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Lib Dems would work with new pro-EU party, but not join – Farron

The Liberal Democeat argued that the SDP, Britain’s last big breakaway centrist party, was ‘very close to having made it’.

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Liberal Democrat former leader Tim Farron (Andrew Matthews/PA)

Liberal Democrat former leader Tim Farron (Andrew Matthews/PA)

Liberal Democrat former leader Tim Farron (Andrew Matthews/PA)

Liberal Democrat former leader Tim Farron has told pro-EU Tory and Labour MPs to “grow a flipping backbone” and form a new party.

Mr Farron said the Lib Dems would not join the new party but would “work with them”.

Speaking to Politico’s morning newsletter, Playbook, he argued that the SDP, Britain’s last big breakaway centrist party, was “very close to having made it”.

He said: “Let some of these people in the Labour Party and the Tory Party grow a flipping backbone and leave. And we should work with them.

“Let them form their own party, we will work with them, and we’ll try and do it together. People shouldn’t fall into the mistake of thinking the SDP was a failure. It really wasn’t.

“The day before (former Argentine president Leopoldo) Galtieri invaded the Falklands, they (SDP) were on 51% in the polls and the (Liberal/SDP) alliance got 26% of the vote in ’83 — very, very close to having made it.”

Mr Farron revealed that if a new centrist party was not formed he would also settle for “a decent electable leader” of the Labour Party.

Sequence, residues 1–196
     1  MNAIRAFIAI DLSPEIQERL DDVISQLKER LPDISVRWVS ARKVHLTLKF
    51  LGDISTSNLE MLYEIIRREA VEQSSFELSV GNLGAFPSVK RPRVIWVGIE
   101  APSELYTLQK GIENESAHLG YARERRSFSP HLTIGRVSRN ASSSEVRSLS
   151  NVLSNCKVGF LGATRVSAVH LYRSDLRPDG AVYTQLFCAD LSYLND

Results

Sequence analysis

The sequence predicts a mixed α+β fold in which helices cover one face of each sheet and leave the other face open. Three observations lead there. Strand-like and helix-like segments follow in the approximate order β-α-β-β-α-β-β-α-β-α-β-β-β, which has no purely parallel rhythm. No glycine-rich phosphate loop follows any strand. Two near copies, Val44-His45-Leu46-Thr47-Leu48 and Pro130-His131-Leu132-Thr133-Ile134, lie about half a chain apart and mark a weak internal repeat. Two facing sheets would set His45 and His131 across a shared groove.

He said: “I’m at the stage now … I’d be content for my children’s future if the Labour Party just sorted its act out, got a decent electable leader and gave the country an alternative.”

Despite talk of the Labour leadership and new parties Mr Farron said he still believed there was a place for the Lib Dems.

He said: “You see with great frustration – and I’m sure Vince (Cable) feels the same – the colossal opportunity in what I will glibly call the centre of British politics, and the desperate need for us.

“I obviously want the Liberal Democrats to recover, become the next government of the country and solve all the problems.”

Mr Farron’s successor as leader, Sir Vince Cable — is himself now reportedly under pressure and is said to be planning a speech next week that will pave the way for his own resignation before the next election.

Sir Vince’s big idea is reported to be to open up the Lib Dem rules so the next leader does not have to be an MP.

Mr Farron said the idea was an “interesting” one, but added: “To be fair, Vince is only just touting it as an option.”

Away from the Lib Dems, pro-EU Tory MPs have raised fears that they are being targeted by Ukip supporters in a plot to unseat them and elect a more hard-line Brexit-supporting prime minister.

Tory former minister Anna Soubry told the Times that party chairman Brandon Lewis needed to act.

She said: “We are on a membership drive at the same time as the likes of (Arron) Banks are urging members of Ukip and other hard Brexiteers to join our party to topple the leader and destroy Government policy.

“I’ve called on the party chairman to end the membership drive until we can be confident we are not being infiltrated by people who are not Conservatives.”

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